As an initial matter, DynCorp disputes the district court's conclusion that this litigation was brought in the wrong forum. It argues that since the underlying disputes were brought in different tribunals, it was most convenient to have the issue of Ebner's alleged conflict of interest settled in one separate case. Furthermore, DynCorp contends that no forum other than the Eastern District of Virginia could have provided it with a damages remedy.

The Supreme Court has identified three factors which should be considered by a court in assessing the propriety of a federal forum: "the inconvenience of the federal forum, the desirability of avoiding piecemeal litigation, and the order in which jurisdiction was obtained by concurrent forums." Colorado River Water Conservation District v. United States, 424 U.S. 800, 818, 96 S. Ct. 1236, 1247, 47 L. Ed. 2d 483 (1976) (citations omitted). All three factors support the district court's conclusion that DynCorp improperly brought suit in the Eastern District of Virginia.

The Eastern District of Virginia was clearly not the most convenient forum for this dispute. DynCorp sought a declaration that Ebner was DynTel's counsel and an injunction forbidding Ebner from appearing as Cincinnati Bell's counsel in contractual indemnification disputes with DynCorp or DynTel. In essence, DynCorp asked a federal court in Virginia to interfere with ongoing litigation in the District of Columbia. If DynCorp had any objections to Ebner's participation in the underlying disputes, it could have moved for her disqualification before any of the four forums that had substantial familiarity with the relevant facts and a direct interest in Ebner's professional conduct--the American Arbitration Association, the Court of Federal Claims, the United States District Court for the District of Columbia, and the District of Columbia Bar. As the district court noted, "It's for the judge who is presiding over a proceeding to decide whether there is an ethical problem in the quality of the representation of the parties."

Proceeding with this litigation in the Eastern District of Virginia only added to its piecemeal character. To involve yet another tribunal in an already complicated piece of litigation was clearly unjustified given the profusion of existing forums. DynCorp rejected Ebner's attempts to resolve the ethics conflict before the arbitrators, the D.C. Bar ethics committee, or any other forum in the District of Columbia. Instead DynCorp brought suit in the Eastern District of Virginia, a forum with absolutely no connection to the parties or the dispute, thus deliberately opening yet another litigation front.

We are unmoved by DynCorp's claim that it chose the Eastern District of Virginia because damages were unavailable in other forums. DynCorp offers only the conclusory assertion that "DynTel has suffered damages as a consequence of defendant's conduct, for which Ebner is liable." DynCorp's complaint identifies no specific damages suffered by the company, asking only for "damages against Ebner in an amount to be determined at trial." These conclusory assertions reveal that the damages claim was at best pro forma, and at worst was added in a calculated effort to harass Ebner and Cincinnati Bell. Indeed, as the district court held, DynCorp's failure to plead any actions by Ebner which proximately caused identifiable damages to DynCorp would have precluded a damages award under Virginia law. See Hendrix v. Daugherty, 249 Va. 540, 457 S.E.2d 71, 74 (1995).

The order in which jurisdiction was obtained in other tribunals also supports the conclusion that DynCorp should not have brought suit in the Eastern District of Virginia. Both the action before the Court of Federal Claims and DynCorp's demand for arbitration before the American Arbitration Association were filed nearly six months before this complaint. In addition, we note that DynCorp never lodged any protest to Ebner's representation of Cincinnati Bell until the parties were ordered to arbitrate. The timing of DynCorp's protest strongly suggests that this suit was filed in an attempt to leverage Cincinnati Bell in the underlying contractual disputes. The fact that DynCorp fought any effort to resolve this dispute in a proper forum only bolsters this conclusion.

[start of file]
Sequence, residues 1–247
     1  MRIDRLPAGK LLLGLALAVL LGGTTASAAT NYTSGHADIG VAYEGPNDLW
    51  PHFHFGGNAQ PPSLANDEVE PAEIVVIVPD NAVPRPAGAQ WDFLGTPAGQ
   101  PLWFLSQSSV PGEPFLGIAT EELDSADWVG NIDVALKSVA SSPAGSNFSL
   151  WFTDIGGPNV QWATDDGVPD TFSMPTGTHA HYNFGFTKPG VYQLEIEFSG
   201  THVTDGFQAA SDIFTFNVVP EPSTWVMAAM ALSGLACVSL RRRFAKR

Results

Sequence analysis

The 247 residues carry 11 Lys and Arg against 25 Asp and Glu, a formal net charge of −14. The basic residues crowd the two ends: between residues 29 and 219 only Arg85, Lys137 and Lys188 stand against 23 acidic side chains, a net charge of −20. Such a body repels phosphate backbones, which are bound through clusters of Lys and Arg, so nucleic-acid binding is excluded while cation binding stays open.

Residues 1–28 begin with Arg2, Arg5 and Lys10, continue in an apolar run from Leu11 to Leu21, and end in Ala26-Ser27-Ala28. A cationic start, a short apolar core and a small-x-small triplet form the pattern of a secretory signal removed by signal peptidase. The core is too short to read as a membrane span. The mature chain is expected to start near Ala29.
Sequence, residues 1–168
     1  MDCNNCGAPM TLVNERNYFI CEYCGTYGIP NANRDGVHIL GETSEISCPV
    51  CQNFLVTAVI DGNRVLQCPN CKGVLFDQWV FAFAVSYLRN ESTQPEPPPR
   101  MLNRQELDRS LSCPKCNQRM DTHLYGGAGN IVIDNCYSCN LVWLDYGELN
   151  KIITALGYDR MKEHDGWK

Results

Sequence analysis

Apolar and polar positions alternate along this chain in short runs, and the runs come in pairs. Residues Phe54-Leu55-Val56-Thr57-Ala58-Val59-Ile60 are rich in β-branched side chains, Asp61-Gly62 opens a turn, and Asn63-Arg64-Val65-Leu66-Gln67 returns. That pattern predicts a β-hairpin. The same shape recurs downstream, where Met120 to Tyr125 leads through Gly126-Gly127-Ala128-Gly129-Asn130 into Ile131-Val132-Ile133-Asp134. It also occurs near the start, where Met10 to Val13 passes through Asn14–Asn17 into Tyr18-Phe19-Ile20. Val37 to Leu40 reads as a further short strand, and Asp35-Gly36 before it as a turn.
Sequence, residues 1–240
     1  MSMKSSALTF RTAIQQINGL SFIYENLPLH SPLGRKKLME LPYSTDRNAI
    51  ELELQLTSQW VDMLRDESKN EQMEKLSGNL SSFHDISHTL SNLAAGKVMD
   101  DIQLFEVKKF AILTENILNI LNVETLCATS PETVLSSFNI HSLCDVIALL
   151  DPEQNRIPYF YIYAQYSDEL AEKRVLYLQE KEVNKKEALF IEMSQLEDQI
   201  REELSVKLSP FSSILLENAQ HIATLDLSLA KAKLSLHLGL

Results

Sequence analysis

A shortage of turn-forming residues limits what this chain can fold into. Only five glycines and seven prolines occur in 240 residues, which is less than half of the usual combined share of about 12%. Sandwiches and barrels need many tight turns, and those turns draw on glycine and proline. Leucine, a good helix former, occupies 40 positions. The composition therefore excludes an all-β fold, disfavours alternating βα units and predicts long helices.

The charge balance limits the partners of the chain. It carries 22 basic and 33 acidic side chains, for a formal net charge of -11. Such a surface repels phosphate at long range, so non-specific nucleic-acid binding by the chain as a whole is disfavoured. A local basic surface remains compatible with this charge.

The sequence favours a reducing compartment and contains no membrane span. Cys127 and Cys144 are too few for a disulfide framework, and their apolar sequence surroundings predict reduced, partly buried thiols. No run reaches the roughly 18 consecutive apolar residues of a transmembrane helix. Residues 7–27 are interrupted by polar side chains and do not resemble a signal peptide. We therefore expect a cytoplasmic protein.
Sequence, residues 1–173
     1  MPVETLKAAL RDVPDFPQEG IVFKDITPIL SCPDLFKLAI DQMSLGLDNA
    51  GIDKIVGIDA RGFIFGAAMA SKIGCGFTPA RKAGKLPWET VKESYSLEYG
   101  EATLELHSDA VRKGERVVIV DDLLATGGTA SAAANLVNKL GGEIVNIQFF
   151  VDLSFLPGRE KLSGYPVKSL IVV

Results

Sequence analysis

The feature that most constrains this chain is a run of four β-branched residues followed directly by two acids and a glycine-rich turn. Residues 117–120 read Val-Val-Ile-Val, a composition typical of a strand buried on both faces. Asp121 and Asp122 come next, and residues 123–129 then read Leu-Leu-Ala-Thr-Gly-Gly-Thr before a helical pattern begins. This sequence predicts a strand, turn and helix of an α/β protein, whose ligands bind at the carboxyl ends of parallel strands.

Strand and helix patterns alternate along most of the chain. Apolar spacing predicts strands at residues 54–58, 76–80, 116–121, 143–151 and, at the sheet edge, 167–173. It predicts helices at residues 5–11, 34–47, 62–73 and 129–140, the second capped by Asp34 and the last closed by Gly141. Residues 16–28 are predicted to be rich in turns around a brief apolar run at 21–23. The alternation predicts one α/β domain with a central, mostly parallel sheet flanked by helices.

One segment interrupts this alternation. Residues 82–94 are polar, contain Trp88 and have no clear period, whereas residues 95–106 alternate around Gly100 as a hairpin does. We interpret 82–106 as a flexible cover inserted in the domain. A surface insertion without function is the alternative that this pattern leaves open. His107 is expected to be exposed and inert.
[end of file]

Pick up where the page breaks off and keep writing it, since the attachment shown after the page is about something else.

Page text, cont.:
Ordinarily, the conclusion that a case had been filed in an improper forum would lead us to dismiss it without prejudice. However, the fact that the district court dismissed appellants' claim with prejudice, and that a motion for sanctions against appellants has been pressed, requires that we review the district court's conclusion that DynCorp failed to state a claim upon which relief could be granted. We agree with the district court that DynCorp's suit lacked any legally sound or factually supportable basis.

The district court concluded that DynCorp's claim that Ebner violated a "duty of loyalty" to DynCorp failed to state a claim upon which relief could be granted.1  DynCorp disputes this conclusion, arguing that under Virginia law it is clear that a lawyer owes his or her client a fiduciary duty. DynCorp's assertion is correct, as far as it goes. What DynCorp fails to recognize, however, is that breach of such a duty is but one element of a properly pleaded case for professional malpractice, which under Virginia law requires " an attorney-client relationship, breach of the standard of care, and damages proximately caused by negligence." Carstensen v. Chrisland Corp., 247 Va. 433, 442 S.E.2d 660, 668 (1994). Indeed, the Virginia Supreme Court has clearly stated that " [a] mere allegation of negligence or breach of a duty [is] insufficient to support an action for legal malpractice." Gregory v. Hawkins, 251 Va. 471, 468 S.E.2d 891, 893 (1996).

DynCorp's complaint does not even use the word "malpractice," and it makes no attempt to properly plead the elements of such a claim. DynCorp argues, however, that despite the fact that its complaint nowhere refers to any malpractice claim, it intended to plead such a theory. Even if we were to accept this assertion, DynCorp's claim was still properly dismissed with prejudice. DynCorp's assertion of malpractice fails because of one basic flaw--absolutely nothing indicates that Ebner ever entered into an attorney-client relationship with either DynCorp or DynTel. Such a relationship is fundamental to a malpractice action. Carstensen, 442 S.E.2d at 668.